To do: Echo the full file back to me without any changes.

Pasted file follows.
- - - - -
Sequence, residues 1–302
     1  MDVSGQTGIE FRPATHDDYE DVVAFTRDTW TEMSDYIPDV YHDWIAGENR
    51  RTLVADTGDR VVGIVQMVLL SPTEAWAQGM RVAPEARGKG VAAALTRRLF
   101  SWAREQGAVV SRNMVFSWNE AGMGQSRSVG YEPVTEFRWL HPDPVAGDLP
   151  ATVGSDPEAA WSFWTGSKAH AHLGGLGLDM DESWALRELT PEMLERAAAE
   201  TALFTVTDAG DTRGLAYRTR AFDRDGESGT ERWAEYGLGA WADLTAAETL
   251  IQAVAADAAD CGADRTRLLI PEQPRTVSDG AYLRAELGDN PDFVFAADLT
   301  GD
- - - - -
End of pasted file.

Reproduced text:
Sequence, residues 1–302
     1  MDVSGQTGIE FRPATHDDYE DVVAFTRDTW TEMSDYIPDV YHDWIAGENR
    51  RTLVADTGDR VVGIVQMVLL SPTEAWAQGM RVAPEARGKG VAAALTRRLF
   101  SWAREQGAVV SRNMVFSWNE AGMGQSRSVG YEPVTEFRWL HPDPVAGDLP
   151  ATVGSDPEAA WSFWTGSKAH AHLGGLGLDM DESWALRELT PEMLERAAAE
   201  TALFTVTDAG DTRGLAYRTR AFDRDGESGT ERWAEYGLGA WADLTAAETL
   251  IQAVAADAAD CGADRTRLLI PEQPRTVSDG AYLRAELGDN PDFVFAADLT
   301  GD